Real faith communities are not places where the clergy have abdicated their authority to teach and govern and become mere sacrament dispensers. Real faith communities are families of faith where the pastor is the spiritual father. Collaboration and cooperation occur in the diverse apostolates of the parish, like teaching the faith to children and adults, keeping the church clean, or planning and celebrating reverent liturgies that conform to the traditions of our church.
Ironically, it is the other side which unilaterally imposes liturgical aberrations and illicit innovations upon the parishioners whether they like them or not. This is not a battle between liberals and conservatives, progressives and traditionalists, pre-Vatican II and post-Vatican II. The issue is whether to abandon or entirely embrace the "corporate business" model.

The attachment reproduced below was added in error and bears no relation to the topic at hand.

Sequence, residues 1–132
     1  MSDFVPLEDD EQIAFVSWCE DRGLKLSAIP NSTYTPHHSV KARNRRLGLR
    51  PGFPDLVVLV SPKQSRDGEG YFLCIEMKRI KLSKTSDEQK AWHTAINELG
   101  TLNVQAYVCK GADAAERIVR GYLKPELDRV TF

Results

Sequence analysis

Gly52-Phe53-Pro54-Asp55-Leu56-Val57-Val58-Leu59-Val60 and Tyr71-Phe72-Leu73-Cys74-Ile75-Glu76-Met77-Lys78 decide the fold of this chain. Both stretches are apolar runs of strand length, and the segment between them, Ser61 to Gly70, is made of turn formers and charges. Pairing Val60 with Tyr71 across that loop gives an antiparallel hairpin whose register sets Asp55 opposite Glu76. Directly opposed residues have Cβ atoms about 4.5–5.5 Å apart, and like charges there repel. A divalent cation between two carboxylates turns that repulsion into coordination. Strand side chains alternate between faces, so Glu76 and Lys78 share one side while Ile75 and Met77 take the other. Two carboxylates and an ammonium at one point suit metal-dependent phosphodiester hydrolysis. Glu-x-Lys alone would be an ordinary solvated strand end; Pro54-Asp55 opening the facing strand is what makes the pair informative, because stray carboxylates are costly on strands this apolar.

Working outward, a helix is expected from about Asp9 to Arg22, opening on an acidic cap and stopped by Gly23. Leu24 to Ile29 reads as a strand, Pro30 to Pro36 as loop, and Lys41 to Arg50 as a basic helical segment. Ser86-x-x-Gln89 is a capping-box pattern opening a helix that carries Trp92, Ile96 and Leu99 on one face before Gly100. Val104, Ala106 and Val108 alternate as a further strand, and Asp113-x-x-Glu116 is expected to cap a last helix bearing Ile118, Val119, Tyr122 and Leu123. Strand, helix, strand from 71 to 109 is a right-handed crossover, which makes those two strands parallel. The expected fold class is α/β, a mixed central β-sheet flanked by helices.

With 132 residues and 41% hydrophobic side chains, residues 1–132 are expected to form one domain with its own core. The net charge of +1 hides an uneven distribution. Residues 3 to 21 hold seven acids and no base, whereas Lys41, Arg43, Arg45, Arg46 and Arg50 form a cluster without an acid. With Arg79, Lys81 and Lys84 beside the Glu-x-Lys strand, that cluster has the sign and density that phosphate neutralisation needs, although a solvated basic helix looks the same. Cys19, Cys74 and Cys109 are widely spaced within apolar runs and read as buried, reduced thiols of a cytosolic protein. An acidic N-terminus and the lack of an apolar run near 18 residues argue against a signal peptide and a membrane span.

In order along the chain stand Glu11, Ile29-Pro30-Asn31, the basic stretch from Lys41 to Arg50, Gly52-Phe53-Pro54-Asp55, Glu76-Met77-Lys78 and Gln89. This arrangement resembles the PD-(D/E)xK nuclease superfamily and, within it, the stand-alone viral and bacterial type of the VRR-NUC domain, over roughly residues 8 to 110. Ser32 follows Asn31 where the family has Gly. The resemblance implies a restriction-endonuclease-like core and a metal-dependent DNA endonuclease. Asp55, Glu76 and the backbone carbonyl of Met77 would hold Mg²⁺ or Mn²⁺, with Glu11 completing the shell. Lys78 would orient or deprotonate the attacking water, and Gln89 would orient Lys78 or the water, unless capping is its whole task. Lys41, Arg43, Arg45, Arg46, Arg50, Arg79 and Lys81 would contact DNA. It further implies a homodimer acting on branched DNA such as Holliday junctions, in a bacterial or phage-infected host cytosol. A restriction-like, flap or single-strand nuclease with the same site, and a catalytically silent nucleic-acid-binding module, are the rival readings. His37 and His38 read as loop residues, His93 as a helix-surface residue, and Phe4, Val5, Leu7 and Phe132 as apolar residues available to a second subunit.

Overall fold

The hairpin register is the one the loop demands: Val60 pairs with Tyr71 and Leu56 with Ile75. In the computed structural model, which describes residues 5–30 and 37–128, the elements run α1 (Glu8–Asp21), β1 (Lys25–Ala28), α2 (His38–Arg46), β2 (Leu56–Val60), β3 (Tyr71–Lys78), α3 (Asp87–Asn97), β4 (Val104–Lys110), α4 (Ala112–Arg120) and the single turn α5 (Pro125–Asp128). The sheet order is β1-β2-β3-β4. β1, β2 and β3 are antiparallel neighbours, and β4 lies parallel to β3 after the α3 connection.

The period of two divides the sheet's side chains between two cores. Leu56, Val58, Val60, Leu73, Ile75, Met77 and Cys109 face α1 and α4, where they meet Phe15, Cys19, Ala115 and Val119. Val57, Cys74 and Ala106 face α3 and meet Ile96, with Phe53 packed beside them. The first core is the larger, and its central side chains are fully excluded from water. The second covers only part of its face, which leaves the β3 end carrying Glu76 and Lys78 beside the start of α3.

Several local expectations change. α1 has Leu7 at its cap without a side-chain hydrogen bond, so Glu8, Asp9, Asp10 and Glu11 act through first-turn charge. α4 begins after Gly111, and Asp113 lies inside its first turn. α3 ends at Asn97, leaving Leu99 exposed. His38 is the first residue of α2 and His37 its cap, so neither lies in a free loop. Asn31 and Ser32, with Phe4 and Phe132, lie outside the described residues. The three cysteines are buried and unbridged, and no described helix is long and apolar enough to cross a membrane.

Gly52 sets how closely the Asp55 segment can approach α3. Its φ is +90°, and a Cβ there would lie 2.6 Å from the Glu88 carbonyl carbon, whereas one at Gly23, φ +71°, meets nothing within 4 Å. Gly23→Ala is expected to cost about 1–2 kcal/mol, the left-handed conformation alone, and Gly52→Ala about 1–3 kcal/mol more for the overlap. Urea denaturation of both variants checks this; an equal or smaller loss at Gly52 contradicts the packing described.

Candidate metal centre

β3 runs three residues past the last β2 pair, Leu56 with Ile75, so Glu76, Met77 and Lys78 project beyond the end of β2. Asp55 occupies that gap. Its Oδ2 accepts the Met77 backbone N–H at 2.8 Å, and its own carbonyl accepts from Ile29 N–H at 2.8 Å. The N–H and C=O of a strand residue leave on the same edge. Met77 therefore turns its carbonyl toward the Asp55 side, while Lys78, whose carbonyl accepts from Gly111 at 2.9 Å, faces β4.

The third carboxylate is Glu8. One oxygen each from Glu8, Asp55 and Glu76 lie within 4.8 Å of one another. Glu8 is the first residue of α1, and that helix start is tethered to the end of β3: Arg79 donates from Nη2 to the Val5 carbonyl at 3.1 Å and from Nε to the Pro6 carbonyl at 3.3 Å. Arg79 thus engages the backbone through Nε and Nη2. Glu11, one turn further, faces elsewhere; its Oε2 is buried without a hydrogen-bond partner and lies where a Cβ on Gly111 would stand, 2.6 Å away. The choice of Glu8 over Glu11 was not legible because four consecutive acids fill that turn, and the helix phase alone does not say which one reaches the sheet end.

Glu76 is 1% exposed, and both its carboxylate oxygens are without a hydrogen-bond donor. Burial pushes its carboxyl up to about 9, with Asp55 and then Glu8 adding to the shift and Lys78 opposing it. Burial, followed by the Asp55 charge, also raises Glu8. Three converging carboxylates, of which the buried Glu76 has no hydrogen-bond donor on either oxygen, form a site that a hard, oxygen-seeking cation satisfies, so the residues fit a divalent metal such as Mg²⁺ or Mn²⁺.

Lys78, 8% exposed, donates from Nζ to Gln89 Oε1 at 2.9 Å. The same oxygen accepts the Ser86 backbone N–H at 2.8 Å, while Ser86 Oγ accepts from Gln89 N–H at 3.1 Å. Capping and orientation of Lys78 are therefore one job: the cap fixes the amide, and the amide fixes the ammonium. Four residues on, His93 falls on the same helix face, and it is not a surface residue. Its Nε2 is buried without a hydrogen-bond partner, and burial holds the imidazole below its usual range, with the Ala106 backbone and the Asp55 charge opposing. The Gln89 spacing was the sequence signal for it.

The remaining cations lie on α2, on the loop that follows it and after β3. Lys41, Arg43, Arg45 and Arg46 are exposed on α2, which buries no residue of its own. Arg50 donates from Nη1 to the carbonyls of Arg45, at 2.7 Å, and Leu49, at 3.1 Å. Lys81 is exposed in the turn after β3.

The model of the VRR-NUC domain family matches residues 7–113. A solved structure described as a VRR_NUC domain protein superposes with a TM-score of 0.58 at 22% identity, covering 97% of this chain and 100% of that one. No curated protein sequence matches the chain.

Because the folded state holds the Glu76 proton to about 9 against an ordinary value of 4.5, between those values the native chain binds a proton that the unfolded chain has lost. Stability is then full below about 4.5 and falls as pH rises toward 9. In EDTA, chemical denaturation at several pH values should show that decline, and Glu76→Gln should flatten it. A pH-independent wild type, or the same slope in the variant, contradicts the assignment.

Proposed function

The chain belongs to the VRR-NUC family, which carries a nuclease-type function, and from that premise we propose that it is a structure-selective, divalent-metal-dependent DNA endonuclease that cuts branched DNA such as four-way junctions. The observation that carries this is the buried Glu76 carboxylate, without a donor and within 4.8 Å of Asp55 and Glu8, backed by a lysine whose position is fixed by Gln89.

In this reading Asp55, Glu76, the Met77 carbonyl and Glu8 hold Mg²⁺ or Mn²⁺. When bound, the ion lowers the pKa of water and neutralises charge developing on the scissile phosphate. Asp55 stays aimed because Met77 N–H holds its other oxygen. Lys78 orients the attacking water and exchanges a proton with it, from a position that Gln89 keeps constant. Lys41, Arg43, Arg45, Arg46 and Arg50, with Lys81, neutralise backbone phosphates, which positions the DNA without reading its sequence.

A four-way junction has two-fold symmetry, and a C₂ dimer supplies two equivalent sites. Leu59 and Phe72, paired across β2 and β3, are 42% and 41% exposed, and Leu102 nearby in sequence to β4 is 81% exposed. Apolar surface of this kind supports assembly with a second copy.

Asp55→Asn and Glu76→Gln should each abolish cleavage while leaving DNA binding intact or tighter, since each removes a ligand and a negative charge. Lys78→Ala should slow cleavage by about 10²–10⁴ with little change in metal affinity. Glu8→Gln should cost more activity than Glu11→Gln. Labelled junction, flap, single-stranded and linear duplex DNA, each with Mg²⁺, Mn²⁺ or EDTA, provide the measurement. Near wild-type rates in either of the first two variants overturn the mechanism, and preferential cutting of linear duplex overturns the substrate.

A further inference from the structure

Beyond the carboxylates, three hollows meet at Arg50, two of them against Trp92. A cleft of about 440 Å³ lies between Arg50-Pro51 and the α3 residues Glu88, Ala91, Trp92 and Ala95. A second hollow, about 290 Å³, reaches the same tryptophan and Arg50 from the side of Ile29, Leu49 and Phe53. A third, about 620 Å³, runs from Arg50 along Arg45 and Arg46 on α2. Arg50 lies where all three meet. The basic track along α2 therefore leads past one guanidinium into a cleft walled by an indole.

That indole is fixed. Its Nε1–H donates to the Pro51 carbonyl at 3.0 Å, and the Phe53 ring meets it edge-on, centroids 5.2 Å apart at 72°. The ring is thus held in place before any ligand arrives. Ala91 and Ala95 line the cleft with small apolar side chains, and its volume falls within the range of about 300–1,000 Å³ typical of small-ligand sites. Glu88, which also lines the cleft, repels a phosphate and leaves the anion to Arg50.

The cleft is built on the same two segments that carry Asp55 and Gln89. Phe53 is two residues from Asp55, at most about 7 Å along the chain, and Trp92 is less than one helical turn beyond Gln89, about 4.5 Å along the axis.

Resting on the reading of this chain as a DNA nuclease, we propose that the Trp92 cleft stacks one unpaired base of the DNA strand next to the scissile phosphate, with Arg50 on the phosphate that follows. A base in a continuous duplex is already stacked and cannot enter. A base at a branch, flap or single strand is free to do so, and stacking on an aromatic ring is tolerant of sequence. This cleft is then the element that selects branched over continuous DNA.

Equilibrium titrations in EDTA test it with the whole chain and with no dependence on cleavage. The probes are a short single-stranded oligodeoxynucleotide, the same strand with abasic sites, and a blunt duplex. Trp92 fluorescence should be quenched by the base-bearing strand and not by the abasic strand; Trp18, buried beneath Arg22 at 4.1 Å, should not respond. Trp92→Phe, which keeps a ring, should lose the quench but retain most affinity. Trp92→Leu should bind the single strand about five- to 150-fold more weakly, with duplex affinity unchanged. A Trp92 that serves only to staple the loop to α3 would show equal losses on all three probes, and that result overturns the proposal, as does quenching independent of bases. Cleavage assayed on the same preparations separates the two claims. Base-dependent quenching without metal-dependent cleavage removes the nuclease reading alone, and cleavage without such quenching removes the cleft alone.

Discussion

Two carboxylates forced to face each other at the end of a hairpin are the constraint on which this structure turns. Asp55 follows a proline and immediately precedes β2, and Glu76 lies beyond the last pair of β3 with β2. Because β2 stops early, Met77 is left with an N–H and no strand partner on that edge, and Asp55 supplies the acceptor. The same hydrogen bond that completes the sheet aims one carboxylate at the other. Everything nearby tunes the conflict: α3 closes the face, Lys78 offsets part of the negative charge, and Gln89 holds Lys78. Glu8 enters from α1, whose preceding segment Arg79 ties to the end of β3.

Many of us choose to restore the ancient family model which was never democratic but essentially hierarchical; yet always in an atmosphere of charity, justice and mercy. Since the wonderful reign of John Paul II and his current successor Benedict XVI, we have two exquisite role models and one marvellous vision. Many of the bishops these two have appointed are superb choices and in fact shepherd their dioceses as a father leads his family.
There are some, however, who still use a business model and prefer the role of executive to that of father. But disobedient children cannot be ignored nor encouraged in their folly, especially when it endangers the rest of the family. Redefining doctrine or reinventing sacred liturgy are not viable options.
Sentire cum ecclesiae (think with the church) and ubi Petrus ibi ecclesia (where Peter is, there is the church) are our best road maps.
Reprinted from AD2000 Vol 20 No 1 (February 2007), p. 8